11 2 Brief and market context Below we summarise the brief we received from Consumer Focus with contextual information on TPI services to the micro-business sector. 2.1 Consumer Focus s brief See Foreword 2.2 What is a micro-business in the energy market? Distinct processes and terms and conditions apply for energy supply contracts involving micro-businesses. A micro-business is defined as a company (not site) that meets at least one of the following criteria: annual electricity demand less than 55,000kWh; annual gas demand less than 200,000kWh; or fewer than 10 employees (or their full-time equivalent) and an annual turnover or annual balance sheet total not exceeding 2mn. The micro-business definition in energy markets was introduced as a consequence of Ofgem s 2008 Energy Supply Probe 5. Effective for contracts signed after 18 January 2010, the following protections now apply through new a standard condition 7a of electricity and gas supply licences 6 : before signing the supplier must explain the key terms and conditions to the customers whether the contract is agreed by phone or face-to-face; within 10 days of sign-up the customer should receive a full written contract, including renewal terms; termination notice may be given by the customer at any time for a fixed term contract (though the customer must arrange new terms to continue after expiry if it wishes to remain on a contract supply rather than out-of-contract terms); the supplier must send the customer details of key renewal terms between 60 and 120 days before contract expiry. This information must include prices and details of what will happen if the customer does not wish to renew or take no action; 30 days is allowed for the customer to negotiate a new contract with the incumbent or switch to another supplier. Renegotiated terms with the incumbent must be valid for the 30 day period; in the event that no action is taken by the customer the supplier can roll-over new terms for a maximum of one year; and formal dispute resolution procedures must be operated by the supplier, and there should be access to the Energy Ombudsman scheme. From the perspective of this analysis, the key point is that TPIs must adhere to and comply with the supplier s responsibilities A. Supply to Micro Business Consumers for electricity and for Micro-business broker review 8/28 February 2011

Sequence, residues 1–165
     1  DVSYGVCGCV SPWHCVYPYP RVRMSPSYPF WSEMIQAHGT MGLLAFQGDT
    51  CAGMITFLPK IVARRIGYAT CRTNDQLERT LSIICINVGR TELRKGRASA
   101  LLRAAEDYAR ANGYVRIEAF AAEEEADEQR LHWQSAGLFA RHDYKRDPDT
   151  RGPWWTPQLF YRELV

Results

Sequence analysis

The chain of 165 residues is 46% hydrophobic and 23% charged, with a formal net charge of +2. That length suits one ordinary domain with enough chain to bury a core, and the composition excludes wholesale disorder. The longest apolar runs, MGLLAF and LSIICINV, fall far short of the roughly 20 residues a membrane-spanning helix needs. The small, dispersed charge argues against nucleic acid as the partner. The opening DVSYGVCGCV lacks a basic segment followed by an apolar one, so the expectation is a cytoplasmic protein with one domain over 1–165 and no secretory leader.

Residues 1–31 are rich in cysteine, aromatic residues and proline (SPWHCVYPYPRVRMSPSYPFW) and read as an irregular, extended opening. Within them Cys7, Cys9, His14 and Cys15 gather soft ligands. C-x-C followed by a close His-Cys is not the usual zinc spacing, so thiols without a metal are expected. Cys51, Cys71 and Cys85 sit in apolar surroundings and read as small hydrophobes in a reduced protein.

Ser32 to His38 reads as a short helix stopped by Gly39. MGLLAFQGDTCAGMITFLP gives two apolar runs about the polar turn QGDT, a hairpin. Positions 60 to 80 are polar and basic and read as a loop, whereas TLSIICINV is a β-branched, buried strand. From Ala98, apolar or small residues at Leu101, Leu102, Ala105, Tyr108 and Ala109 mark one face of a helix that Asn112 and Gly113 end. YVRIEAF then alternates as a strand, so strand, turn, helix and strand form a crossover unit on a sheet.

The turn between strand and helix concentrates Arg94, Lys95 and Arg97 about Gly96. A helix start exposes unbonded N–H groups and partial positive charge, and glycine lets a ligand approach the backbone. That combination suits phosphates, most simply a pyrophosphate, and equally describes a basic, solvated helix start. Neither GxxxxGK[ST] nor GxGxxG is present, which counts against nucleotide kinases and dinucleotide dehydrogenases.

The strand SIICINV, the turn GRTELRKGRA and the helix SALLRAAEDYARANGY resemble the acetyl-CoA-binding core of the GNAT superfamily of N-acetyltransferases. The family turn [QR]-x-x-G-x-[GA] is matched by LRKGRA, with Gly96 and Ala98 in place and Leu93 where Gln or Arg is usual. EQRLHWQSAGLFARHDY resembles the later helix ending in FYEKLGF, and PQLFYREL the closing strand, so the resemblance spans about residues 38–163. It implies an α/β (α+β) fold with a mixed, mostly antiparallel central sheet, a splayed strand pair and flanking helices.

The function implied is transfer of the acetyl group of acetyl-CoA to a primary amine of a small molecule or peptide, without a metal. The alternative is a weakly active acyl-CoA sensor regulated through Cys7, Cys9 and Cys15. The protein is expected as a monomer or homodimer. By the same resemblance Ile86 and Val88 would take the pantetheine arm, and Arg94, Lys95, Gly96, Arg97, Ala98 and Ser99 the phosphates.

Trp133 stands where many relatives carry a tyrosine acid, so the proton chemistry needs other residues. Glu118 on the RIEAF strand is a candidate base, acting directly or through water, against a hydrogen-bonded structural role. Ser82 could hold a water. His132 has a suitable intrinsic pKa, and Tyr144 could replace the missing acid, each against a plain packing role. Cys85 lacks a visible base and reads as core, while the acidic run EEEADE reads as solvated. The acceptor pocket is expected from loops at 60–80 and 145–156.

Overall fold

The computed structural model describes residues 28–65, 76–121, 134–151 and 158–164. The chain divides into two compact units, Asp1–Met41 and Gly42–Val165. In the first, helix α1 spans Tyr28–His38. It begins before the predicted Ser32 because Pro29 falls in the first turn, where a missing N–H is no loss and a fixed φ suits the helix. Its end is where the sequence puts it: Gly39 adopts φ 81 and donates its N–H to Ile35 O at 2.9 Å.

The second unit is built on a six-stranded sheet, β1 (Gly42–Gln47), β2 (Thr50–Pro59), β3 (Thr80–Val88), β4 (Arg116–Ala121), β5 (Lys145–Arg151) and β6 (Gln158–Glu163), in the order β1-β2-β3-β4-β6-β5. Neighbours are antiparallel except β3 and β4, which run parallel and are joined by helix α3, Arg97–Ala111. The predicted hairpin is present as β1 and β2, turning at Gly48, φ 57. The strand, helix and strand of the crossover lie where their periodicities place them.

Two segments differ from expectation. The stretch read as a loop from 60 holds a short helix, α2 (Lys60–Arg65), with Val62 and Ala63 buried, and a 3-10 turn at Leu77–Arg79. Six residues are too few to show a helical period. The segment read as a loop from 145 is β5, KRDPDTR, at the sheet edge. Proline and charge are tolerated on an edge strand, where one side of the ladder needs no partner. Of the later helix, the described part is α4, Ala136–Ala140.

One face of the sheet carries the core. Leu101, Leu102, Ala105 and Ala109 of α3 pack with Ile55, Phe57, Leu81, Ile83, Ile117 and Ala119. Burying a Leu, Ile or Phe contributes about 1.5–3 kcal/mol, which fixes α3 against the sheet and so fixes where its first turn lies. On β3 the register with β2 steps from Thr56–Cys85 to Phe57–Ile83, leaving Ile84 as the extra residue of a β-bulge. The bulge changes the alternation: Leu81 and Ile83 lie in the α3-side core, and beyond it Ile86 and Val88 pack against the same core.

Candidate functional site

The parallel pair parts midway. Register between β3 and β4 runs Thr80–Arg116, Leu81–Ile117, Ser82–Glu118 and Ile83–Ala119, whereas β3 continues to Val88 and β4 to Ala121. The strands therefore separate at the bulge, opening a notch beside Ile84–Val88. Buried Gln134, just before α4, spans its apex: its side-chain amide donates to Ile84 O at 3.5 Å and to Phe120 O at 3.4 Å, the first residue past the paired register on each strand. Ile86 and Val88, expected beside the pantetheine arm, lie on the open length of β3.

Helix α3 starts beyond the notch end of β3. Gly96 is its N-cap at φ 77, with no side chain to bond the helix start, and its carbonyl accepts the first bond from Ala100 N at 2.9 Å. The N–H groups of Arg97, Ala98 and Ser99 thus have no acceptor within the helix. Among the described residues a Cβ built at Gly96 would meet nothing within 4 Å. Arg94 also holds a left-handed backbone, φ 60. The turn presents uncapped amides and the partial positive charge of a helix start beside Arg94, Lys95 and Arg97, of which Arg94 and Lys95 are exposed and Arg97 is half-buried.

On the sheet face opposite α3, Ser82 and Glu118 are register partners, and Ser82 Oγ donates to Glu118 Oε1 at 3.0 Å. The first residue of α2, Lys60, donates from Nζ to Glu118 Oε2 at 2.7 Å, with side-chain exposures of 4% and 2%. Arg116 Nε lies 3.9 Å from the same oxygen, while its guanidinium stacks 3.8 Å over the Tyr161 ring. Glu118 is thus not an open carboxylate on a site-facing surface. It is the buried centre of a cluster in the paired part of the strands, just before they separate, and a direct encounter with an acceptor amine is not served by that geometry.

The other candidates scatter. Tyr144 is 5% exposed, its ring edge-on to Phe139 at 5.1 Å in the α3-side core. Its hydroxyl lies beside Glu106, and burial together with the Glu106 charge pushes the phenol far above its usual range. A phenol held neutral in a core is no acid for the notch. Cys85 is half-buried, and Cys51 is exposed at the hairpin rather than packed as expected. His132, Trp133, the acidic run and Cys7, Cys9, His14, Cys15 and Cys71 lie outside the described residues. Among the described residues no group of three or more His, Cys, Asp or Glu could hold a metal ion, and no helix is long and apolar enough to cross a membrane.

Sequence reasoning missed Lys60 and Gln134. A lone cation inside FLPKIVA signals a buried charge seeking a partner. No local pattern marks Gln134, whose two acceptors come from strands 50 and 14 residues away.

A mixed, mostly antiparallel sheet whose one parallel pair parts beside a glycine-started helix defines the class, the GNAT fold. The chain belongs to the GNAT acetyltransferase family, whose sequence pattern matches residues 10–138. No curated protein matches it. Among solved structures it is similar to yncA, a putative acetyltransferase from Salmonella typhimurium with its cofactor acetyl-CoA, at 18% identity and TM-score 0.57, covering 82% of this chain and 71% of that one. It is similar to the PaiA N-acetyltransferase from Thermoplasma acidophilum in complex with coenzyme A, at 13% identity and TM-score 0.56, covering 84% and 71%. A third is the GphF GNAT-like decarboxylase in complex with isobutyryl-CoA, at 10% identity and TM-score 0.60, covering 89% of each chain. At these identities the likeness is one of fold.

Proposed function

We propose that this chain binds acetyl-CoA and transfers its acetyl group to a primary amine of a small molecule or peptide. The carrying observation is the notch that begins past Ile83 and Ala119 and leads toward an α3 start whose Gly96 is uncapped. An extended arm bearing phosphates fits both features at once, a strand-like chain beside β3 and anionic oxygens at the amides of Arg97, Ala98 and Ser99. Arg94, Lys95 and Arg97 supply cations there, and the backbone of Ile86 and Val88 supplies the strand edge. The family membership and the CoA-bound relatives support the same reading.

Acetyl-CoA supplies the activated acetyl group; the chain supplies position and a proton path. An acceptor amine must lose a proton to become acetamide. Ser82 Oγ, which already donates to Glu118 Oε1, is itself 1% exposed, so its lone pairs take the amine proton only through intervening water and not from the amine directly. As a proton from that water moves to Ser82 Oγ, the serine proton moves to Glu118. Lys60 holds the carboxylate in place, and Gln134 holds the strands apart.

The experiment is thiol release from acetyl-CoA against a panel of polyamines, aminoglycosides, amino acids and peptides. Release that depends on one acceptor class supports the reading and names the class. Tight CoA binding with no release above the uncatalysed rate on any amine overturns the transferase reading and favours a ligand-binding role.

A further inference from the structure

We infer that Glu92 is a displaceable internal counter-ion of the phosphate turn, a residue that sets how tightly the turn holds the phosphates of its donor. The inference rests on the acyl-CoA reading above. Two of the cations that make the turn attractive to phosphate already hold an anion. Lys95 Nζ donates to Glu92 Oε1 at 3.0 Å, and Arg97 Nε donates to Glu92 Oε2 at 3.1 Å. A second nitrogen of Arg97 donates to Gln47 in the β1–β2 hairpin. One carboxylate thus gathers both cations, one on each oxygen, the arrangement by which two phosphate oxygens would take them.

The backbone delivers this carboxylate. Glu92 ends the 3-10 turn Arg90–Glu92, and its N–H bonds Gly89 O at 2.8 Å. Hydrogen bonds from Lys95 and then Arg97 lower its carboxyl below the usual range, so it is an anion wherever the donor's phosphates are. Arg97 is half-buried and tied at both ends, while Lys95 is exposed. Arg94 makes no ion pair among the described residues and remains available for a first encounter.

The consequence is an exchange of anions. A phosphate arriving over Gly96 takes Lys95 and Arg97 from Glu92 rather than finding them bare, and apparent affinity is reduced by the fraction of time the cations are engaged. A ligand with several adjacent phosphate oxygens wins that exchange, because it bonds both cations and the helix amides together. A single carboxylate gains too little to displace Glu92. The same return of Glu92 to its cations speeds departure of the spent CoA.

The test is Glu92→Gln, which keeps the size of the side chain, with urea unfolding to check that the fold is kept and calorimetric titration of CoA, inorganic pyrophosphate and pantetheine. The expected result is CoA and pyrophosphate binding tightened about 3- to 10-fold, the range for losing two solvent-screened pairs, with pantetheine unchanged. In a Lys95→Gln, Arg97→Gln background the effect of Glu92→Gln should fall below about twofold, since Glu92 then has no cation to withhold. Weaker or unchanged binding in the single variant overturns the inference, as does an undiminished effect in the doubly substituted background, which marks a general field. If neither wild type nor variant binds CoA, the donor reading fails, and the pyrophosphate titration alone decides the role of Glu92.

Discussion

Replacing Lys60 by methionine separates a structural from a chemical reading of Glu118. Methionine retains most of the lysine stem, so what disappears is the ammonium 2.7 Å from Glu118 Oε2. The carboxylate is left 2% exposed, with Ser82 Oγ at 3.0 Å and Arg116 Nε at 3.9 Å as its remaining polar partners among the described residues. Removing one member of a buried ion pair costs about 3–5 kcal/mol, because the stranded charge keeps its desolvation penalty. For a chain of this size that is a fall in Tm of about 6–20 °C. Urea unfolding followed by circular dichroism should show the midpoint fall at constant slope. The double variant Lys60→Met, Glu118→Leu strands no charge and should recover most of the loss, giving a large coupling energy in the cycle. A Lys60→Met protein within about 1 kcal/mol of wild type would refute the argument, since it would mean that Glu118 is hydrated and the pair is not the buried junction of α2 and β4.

12 2.3 The micro-business energy market Suppliers are obliged to know whether or not a business customer meets the micro-business criteria and they have been taking different approaches to securing this objective. But there is little hard and fast information on the number of micro-businesses in Great Britain. Research by Experian in September concluded that there were 400,000 micro-businesses which it defined differently from the energy rules as employing one or two people up 117% over the preceding five years. undertakes regular surveys of shares for the supply markets for domestic and nondomestic electricity and gas. This survey segments the non-domestic market by factors including energy volumes and numbers of meters attaching to contracts. The most relevant information from the latest survey of standings at 31 October 2010 is shown in Table 2:1 below. It shows that there were 1.75mn electricity contracts that were predominantly non-half hourly metered and attaching to either single site or 2-10 meter multi-sites with 0.58mn for gas. Our definitions are different than the micro-business scope outlined above as they focus on contracts by the numbers of meters attached to them and for electricity whether they are attached to non-domestic trading profiles or for gas whether they attract VAT at the 20% rate levied on non-domestic users. This means that they exclude micro-businesses attached to domestic energy accounts. However we believe they form useful context for the commentary in this report. Table 2:1: s assessments of non-domestic energy supply contracts that could be held by micro-businesses (mn) Electricity non-half hourly Gas under 25k th Total Single site Multi-site with 2-10 meters Total Source: supply market share survey 31 October 2010 Likewise we believe it is also important to place this report in a qualitative as well as quantitative perspective. For many consumers, the non-domestic energy markets are characterised by complexity and volatility. The Forum for Private Business shared with us the findings of its 2010 Utilities Report 8. This included the results of a survey of its members from small and medium enterprises, many of whom are micro-businesses. This survey showed some dissatisfaction with the price and quality of service of utilities supply and also concerns about complexity. Around half of businesses felt that the cost of utility provision was poor or very poor; fewer than 10% felt that the cost of utility provision was good or very good. Some 11% felt that contracts were easy to understand, with 51% stating that they were no worse than other types of contact, and a little under 40% reporting that terms were poor or very poor. Respondents also claimed it was not easy to switch suppliers, particularly in comparison to the household market. One in three felt the switching process could be improved, especially as there are short windows for switching embedded in supply contracts. 2.4 Why do micro-businesses use TPIs? With a market characterised by millions of individual contracts, relatively few providers and significant complexity, there is a niche for third parties to mediate between consumers and suppliers. As we discuss in Section 3.4 below TPIs take several forms. In our experience, which we have confirmed with TPIs 7 8 The survey addressed electricity, gas, water and telecoms. Micro-business broker review 9/28 February 2011